The mother was, however, appreciative of Governor Babajide Sanwo-Olu of Lagos State, for what she described as his administration’s intervention in her life. She said she now receives a monthly stipend from the state for her care.
She said her other children are also doing their best to fill the vacuum created by the death of the late soldier.
She added that when Mr Sanwo-Olu came to visit a few days after the crash, he promised a lot of things and “has fulfilled many of those promises.”
“But I told the governor to help me immortalise my son no matter how little. and he promised to do so but he is yet to fulfil that.
“I don’t want to decide for the government how to go about immortalising him, I just want something to be done about it,” Mrs Olayinka said.
She said as the first Lagosian to be appointed the provost marshal of the Nigerian army, she believed her son deserves immortalisation.
Mrs Olayinka also thanked the Speaker of the House of Representatives, Femi Gbajabiamila; senator representing Lagos East Senatorial District, Tokunbo Abiru; House of Representatives Member for Ikorodu Constituency, Babajimi Benson, and the wife of late General Murtala Mohammed, Ajoke Muhammed, for their visit and “soothing words” when they visited.
About the deceased
Born as the seventh child of her parents on June 13, 1969, to the family of late Lateef Mobolaji Olayinka, a Lagos high chief, and Olawanle Olayinka, the deceased had his primary school education at Yewande Memorial Nursery and Primary School before proceeding to the Nigerian Military School (NMS), Zaria, for his secondary education.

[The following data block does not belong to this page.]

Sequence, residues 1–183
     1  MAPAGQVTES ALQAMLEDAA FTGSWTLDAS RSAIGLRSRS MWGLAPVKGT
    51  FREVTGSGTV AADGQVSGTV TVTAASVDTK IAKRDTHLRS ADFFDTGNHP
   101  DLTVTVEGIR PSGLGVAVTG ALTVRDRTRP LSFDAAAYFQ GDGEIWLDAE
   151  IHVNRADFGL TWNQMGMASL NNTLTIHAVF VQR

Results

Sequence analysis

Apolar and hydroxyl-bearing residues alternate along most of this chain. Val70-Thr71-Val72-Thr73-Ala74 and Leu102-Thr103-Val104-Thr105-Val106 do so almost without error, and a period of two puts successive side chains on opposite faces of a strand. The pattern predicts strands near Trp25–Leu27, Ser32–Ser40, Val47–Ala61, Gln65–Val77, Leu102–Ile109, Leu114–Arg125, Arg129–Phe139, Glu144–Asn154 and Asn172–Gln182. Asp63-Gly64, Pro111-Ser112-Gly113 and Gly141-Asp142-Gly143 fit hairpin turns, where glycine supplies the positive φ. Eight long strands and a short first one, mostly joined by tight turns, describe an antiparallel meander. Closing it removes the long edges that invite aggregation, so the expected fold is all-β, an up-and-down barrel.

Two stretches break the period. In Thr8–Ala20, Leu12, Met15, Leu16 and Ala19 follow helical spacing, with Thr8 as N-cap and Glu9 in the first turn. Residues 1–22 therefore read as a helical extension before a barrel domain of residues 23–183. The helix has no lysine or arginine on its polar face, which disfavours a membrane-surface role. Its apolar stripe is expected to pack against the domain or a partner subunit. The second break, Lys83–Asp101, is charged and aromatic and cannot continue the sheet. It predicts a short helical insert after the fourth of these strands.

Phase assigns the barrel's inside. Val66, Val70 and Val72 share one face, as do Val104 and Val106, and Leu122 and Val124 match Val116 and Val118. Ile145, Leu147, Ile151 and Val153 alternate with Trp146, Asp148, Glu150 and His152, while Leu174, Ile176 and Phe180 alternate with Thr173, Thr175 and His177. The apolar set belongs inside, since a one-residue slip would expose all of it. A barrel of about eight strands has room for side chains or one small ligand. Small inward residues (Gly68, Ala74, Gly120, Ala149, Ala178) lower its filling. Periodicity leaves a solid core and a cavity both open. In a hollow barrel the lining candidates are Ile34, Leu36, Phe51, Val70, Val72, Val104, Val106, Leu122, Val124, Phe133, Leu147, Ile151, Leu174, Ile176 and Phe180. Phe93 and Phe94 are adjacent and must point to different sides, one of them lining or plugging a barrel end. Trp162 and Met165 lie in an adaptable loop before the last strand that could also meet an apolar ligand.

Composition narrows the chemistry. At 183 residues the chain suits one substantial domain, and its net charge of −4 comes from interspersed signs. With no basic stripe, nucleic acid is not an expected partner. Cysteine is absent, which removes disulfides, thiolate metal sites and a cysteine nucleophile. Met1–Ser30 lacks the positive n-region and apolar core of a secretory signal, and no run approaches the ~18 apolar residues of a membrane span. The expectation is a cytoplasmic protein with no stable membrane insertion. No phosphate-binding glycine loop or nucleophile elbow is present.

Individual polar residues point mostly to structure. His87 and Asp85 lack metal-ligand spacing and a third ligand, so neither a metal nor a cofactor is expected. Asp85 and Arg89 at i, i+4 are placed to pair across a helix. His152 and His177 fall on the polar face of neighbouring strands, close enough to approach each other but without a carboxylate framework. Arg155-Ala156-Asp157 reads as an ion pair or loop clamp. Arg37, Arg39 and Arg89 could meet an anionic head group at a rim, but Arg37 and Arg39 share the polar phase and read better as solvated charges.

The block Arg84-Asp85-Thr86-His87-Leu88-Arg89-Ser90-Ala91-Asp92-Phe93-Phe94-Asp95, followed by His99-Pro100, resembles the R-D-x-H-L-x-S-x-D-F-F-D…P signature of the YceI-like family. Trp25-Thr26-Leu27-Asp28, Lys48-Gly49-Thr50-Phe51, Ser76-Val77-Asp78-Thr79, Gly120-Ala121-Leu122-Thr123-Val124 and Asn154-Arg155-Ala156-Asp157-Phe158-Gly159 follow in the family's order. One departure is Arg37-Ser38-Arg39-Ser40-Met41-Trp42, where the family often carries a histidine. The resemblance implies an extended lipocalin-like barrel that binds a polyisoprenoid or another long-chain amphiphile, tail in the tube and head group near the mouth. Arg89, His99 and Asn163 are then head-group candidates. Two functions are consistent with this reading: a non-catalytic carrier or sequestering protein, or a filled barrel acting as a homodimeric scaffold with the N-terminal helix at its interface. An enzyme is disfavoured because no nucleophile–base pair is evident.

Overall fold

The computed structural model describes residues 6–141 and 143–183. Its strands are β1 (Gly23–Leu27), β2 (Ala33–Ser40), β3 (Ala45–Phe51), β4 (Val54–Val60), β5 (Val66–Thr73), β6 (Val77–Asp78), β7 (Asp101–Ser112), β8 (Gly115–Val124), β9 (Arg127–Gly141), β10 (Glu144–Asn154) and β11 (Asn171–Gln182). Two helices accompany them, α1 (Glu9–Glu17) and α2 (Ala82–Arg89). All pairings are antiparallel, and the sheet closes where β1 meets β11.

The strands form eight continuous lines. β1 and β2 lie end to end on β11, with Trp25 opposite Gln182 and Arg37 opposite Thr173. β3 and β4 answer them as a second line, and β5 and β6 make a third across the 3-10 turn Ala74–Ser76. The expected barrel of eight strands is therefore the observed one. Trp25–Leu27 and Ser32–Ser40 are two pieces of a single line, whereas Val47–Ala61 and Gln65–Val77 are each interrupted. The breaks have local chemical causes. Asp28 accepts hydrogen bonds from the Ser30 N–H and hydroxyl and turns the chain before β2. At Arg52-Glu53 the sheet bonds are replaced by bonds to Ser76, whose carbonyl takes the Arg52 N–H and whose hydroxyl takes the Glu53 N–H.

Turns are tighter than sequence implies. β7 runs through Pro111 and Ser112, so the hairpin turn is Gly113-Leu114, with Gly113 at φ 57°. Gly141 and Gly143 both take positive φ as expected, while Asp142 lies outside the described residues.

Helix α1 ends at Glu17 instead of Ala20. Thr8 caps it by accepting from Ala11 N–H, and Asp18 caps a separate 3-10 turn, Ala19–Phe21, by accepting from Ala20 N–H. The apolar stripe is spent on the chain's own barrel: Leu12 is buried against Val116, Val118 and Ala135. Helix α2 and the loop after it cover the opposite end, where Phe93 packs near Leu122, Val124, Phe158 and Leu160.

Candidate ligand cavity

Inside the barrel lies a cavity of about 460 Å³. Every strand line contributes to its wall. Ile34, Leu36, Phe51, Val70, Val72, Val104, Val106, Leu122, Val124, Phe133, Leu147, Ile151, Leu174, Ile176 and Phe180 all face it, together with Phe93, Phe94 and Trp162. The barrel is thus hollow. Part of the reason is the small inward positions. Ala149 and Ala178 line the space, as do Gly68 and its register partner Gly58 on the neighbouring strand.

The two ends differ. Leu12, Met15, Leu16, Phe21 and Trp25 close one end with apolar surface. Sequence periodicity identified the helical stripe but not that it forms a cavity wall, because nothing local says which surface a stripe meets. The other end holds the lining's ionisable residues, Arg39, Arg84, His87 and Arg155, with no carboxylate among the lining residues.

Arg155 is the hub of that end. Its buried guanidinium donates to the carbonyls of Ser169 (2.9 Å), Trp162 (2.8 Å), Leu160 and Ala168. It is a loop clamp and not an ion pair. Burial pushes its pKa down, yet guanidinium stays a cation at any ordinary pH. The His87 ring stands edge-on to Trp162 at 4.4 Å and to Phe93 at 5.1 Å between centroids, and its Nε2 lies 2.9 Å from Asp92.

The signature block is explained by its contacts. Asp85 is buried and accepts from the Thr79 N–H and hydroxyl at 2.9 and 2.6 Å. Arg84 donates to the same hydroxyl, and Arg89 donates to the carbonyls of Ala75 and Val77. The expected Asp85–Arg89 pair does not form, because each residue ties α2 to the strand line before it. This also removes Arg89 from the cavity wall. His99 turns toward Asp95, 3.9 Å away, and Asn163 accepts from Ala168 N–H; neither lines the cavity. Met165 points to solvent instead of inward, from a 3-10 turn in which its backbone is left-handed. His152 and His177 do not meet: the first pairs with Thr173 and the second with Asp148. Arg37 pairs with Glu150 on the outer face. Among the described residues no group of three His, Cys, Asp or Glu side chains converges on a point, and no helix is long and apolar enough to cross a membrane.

The mother explained that after his secondary school education, his son had wanted to gain admission to Nigerian Defence Academy, Zaria but that his father opposed it.
“He already gained admission to the defence academy but since his father objected to it, he sat the University Matriculation examination (UME) and was admitted to the Lagos State university (LASU), Ojo,” Mrs Olayinka said.
Meanwhile, as a result of his interest, the late soldier was said to have deliberately performed poorly in his first year at the school, that he was advised to withdraw.
“He then wrote another entrance examination into NDA and he passed. So his father had no choice than to allow him to go,” the mother further narrated.
The late soldier joined the NDA as a member of the 40th Regular Course to study Economics and during his final year at the academy, he was selected alongside one of his coursemates to complete his training at the prestigious Royal Military Academy, Sandhurst, England.
Commissioned with the rank of 2nd Lieutenant on September 17, 1994, the late Olayinka was posted to the Nigerian Army Corps of Military Police (NACMP).
Since then, he rose through the ranks to the position of acting provost marshall of the Nigerian Army.
“He was appointed acting provost marshal of the Nigeria Army on March 20, 2021 as a brigadier general. He said he had been billed to be promoted to the rank of Major General by November of 2021 but he died as provost marshal in May,” she narrated.
Until his demise, the deceased was said to be pursuing his MPhil/PhD programme in the department of Peace, Security and Humanitarian Studies at the University of Ibadan.